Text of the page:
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If you’re a mountain biker, no doubt you have already heard about – and probably gleefully ridden – the Rostrevor and Castlewellan trails up North. Stunners they are indeed! But what about Blessingbourne in Co Tyrone? If you’re new to the scene or would like to get a non-biking partner or your kids off-road on two wheels, these trails are a brilliant option.
The night-time dew looks like a layer of light silver icing sitting on top of the reeds and ferns as I duck in and out of the forest on my mountain bike. It’s after dusk and clusters of mushrooms and toadstools are like luminous little bulbs in the quick flash of my head torch as I zoom by. Above the canopy of the trees’ rustling leaves, I can see the stars twinkling in the dark sky and the Milky Way looks like velvet. This is my first time mountain biking at night and, straight away, I love it.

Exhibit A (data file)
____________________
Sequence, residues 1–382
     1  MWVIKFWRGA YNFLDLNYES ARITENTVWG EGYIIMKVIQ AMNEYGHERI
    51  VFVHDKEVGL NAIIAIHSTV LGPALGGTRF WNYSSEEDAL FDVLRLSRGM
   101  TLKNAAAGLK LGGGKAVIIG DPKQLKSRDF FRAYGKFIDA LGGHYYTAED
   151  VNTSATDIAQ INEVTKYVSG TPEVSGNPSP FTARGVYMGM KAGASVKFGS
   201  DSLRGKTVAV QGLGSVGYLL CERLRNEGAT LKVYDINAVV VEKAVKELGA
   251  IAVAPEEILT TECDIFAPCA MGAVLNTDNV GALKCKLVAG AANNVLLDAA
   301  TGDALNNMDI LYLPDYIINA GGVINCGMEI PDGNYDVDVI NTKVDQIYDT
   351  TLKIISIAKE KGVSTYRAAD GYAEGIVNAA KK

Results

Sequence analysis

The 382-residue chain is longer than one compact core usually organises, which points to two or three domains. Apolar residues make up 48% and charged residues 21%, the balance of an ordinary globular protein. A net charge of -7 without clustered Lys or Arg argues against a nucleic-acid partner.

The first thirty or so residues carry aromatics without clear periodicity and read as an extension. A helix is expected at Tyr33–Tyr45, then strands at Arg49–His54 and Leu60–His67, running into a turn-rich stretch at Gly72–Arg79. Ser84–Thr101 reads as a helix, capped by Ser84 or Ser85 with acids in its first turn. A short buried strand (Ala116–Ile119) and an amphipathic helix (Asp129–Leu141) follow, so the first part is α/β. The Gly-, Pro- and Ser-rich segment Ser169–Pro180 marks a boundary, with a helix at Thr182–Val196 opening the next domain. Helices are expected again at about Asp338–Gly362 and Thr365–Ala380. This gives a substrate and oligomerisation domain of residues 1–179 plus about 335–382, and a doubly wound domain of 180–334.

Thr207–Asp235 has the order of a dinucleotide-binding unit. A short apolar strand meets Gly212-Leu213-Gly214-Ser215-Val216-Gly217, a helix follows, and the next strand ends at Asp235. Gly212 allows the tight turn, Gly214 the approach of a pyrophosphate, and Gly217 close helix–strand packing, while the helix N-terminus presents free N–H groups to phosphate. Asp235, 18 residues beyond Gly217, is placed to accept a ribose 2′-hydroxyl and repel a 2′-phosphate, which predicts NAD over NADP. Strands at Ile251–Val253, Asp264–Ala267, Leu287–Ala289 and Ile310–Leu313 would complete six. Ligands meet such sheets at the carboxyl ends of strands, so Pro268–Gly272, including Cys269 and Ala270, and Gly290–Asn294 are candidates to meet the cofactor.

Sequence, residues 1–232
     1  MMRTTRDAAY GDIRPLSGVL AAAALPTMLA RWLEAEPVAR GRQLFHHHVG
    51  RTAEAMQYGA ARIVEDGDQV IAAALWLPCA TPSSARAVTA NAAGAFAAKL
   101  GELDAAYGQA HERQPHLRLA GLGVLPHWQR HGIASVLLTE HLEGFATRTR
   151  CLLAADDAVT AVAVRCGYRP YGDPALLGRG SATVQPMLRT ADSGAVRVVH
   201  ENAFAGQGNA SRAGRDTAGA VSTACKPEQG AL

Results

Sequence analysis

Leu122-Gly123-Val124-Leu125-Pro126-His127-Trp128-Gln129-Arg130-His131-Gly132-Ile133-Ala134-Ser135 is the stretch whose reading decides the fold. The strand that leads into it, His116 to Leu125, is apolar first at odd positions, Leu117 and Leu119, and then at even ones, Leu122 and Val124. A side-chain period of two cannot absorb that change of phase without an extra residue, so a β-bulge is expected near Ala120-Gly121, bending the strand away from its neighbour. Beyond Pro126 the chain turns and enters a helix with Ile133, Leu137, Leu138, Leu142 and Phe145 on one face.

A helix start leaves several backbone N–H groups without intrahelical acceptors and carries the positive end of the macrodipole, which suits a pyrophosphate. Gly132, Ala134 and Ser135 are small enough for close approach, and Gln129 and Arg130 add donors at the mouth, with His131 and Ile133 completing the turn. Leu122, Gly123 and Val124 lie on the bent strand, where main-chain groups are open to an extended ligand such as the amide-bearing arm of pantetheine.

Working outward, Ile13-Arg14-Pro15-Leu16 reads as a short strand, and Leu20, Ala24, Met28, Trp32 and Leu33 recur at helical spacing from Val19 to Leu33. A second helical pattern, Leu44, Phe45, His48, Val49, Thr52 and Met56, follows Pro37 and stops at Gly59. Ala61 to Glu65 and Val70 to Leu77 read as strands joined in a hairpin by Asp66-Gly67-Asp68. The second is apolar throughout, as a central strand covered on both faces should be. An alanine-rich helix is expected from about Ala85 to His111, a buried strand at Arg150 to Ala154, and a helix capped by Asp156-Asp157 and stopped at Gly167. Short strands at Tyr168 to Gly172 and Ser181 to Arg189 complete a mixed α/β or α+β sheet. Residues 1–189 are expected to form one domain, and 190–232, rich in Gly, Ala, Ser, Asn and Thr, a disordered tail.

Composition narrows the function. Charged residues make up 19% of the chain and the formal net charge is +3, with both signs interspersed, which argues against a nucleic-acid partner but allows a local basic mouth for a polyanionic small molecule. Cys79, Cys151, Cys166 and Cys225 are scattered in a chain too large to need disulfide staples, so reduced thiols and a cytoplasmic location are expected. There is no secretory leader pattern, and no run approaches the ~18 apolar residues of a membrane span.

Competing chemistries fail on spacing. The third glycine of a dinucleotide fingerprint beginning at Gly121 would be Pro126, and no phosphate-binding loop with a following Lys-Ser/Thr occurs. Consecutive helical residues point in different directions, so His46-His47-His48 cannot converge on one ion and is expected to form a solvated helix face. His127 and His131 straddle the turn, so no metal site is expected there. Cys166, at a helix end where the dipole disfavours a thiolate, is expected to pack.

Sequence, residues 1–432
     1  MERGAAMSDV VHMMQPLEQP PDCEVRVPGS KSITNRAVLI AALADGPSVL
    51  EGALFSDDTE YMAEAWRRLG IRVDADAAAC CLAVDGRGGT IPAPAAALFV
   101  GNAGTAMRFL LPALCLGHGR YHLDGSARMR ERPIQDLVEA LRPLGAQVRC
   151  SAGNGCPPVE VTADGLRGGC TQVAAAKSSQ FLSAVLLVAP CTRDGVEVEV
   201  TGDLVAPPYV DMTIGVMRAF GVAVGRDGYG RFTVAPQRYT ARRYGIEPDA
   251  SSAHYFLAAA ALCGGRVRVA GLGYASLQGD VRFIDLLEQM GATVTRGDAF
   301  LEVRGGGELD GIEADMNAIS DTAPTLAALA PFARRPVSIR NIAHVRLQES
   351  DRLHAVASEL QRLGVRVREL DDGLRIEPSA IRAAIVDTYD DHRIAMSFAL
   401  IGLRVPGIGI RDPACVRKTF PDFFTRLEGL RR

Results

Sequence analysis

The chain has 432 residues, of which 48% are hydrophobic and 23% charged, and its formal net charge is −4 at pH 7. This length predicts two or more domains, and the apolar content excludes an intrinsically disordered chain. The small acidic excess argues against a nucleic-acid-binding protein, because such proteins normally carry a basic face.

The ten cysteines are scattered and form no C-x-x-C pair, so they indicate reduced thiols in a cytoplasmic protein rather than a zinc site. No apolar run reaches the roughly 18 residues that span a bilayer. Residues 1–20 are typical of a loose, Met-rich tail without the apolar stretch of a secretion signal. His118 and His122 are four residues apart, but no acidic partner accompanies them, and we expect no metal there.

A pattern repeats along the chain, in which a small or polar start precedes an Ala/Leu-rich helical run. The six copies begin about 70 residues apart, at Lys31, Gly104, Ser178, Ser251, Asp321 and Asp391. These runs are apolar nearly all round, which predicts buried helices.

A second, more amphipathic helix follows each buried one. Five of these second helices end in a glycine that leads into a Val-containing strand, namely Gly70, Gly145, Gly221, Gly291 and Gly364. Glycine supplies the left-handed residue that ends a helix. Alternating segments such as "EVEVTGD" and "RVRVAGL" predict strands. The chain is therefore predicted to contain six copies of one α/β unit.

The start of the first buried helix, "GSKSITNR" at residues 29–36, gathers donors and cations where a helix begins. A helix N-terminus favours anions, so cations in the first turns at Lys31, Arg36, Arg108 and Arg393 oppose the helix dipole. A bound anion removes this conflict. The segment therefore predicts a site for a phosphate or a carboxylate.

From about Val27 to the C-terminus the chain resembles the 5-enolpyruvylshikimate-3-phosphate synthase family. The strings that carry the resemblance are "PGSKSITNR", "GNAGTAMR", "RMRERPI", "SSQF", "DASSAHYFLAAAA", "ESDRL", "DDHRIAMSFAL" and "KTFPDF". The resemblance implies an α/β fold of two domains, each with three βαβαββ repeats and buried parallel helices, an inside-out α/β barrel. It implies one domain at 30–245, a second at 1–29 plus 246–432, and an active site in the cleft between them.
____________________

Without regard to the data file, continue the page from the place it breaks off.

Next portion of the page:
It’s a sensory experience. I can’t see that much but I can feel the wind on my face as the trees whiz by. I can smell the earthy musty life of the forest all around me, and my bike just rolls and hops over whatever is in my path.
It’s a sensory experience. I can’t see that much but I can feel the wind on my face as the trees whiz by. I can smell the earthy musty life of the forest all around me, and my bike just rolls and hops over whatever is in my path. Weirdly, the fact that I can’t see every little rock or tree root on the trail makes me more relaxed and I just roll with it, feeling utter joy at being out in nature in the stillness of the night.